Higher bacterial burden increases E. coli transmission odds

As Escherichia coli bacterial counts increased on one health care worker’s hand, so did the extent of transmission to another in a recent study. Researchers say the results may offer a transmission threshold leading to more effective hand sanitation among health care workers.

“Under the described experimental conditions, at least 1 log10 [colony-forming unit (cfu)] of E. coli must be present on hands to be potentially transmitted to another person,” they wrote. Read more.

Electronic monitoring system for hand hygiene reduces MRSA rates

J. William Kelly, MD
J. William Kelly

Researchers from South Carolina reported that electronic hand hygiene monitoring based on WHO’s My 5 Moments for Hand Hygiene led to a significant decrease in health care-associated MRSA infections.

“There are very few studies connecting hand hygiene with patient outcomes, and we were able to show a direct correlation between increased compliance rates and a reduction in hospital-onset MRSA infections,” J. William Kelly, MD, infectious disease specialist at Greenville Health System and principal investigator of the study, told Infectious Disease News. Read more.

VIDEO: Alcohol-based hand rub campaign led to 'tremendous change' in global hand hygiene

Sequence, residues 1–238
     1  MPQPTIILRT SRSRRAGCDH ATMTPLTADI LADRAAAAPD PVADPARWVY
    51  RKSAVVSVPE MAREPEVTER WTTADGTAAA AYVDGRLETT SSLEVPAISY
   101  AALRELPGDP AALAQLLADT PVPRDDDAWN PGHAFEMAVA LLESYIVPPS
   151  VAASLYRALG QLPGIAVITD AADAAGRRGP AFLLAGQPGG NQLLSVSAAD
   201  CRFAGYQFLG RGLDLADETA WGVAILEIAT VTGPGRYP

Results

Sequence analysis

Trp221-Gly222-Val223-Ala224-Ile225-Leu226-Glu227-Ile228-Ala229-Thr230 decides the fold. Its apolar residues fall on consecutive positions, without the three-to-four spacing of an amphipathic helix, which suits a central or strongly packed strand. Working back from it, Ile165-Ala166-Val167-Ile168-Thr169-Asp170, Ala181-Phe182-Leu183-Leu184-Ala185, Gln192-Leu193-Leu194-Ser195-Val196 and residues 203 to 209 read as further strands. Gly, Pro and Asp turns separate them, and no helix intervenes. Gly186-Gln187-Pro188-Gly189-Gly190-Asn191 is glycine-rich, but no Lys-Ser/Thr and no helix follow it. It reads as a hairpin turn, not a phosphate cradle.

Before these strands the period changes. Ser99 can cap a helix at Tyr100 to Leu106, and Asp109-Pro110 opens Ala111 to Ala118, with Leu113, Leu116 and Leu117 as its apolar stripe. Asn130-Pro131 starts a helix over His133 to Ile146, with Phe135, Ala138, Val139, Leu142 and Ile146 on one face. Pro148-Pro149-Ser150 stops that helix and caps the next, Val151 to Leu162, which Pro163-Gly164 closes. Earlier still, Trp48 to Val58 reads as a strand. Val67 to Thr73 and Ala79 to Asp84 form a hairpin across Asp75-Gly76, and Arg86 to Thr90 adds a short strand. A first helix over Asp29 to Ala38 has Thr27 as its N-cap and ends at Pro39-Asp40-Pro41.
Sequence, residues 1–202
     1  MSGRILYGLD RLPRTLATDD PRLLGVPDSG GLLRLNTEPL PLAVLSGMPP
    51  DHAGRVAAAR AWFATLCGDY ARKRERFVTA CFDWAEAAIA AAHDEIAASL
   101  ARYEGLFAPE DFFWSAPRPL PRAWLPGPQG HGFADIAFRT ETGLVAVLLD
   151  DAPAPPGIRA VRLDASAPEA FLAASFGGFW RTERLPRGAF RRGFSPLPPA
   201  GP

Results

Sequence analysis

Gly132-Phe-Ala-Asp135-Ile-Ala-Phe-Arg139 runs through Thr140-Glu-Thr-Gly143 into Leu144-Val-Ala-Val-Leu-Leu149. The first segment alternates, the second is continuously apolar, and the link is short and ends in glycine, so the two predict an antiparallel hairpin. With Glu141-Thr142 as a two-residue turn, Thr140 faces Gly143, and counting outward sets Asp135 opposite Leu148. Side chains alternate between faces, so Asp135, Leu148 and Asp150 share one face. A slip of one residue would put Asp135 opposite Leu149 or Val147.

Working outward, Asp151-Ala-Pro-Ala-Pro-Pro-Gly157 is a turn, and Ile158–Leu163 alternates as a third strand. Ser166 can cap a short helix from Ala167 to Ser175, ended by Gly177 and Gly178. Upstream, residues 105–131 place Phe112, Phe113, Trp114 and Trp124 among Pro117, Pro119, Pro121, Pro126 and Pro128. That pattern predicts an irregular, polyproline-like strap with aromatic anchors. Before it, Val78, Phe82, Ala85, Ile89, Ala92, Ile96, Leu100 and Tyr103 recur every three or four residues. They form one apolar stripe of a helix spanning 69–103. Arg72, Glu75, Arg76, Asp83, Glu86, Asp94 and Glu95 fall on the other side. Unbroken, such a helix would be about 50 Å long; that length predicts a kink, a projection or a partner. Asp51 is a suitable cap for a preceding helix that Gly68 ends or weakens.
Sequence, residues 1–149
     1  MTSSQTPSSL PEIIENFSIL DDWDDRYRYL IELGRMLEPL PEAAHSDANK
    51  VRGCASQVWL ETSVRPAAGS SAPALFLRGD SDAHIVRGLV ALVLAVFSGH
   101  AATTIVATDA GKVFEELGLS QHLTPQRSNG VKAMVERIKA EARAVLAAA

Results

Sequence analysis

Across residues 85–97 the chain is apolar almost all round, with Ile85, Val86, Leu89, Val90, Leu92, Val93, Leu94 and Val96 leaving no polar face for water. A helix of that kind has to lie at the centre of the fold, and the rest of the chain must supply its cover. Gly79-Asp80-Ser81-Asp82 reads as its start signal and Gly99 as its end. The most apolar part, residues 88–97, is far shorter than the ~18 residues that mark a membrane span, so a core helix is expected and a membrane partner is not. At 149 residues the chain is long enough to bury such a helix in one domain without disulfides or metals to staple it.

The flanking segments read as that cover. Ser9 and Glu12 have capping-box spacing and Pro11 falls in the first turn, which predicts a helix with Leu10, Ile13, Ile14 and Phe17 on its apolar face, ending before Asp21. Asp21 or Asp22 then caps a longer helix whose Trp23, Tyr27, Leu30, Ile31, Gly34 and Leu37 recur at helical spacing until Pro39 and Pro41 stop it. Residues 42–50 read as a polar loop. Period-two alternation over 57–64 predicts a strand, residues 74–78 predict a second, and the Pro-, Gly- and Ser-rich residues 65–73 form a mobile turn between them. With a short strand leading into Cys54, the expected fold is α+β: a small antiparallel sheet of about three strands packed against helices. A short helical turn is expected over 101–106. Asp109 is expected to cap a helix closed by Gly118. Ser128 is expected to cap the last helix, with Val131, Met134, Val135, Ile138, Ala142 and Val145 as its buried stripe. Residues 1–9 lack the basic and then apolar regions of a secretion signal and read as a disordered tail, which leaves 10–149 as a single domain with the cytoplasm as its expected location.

WHO representative Didier Pittet, MD, professor and director of the infection control program at the University of Geneva Hospitals, recaps his featured discussion on hand hygiene at ASM Microbe. Pittet said that WHO’s campaign promoting alcohol-based hand rub over washing has been largely successful, and has prevented approximately half of all sanitation-related illnesses and deaths worldwide. Watch video.

Images triggering disgust improve hand hygiene compliance at hospital

Hand hygiene compliance rates improved among health care workers at a Detroit hospital after they were shown images of bacterial growth similar to the levels of contamination on their own skin, according to study results presented at the Association for Professionals in Infection Control and Epidemiology annual conference.

“The implication for clinicians is that hand hygiene is more than just washing their hands before and after contact with their patients,” Ashley Gregory, MLS, infection prevention specialist for the Henry Ford Health System, told Infectious Disease News. “Their stethoscope, mobile phone and other devices can become contaminated and thus can contaminate their hands at any given point in their interaction.”  Read more.

Alcohol-based hand hygiene confers no additional benefit after 30 seconds

Although the effectiveness of alcohol-based hand rub increases with duration, practicing WHO’s suggested technique for longer than 30 seconds may not confer any additional sanitation benefits, according to data presented at ASM Microbe. Furthermore, a separate study quantifying the spread of Escherichia coli between health care workers’ hands suggests a direct relationship between bacterial load and the risk for bacterial spread. Read more.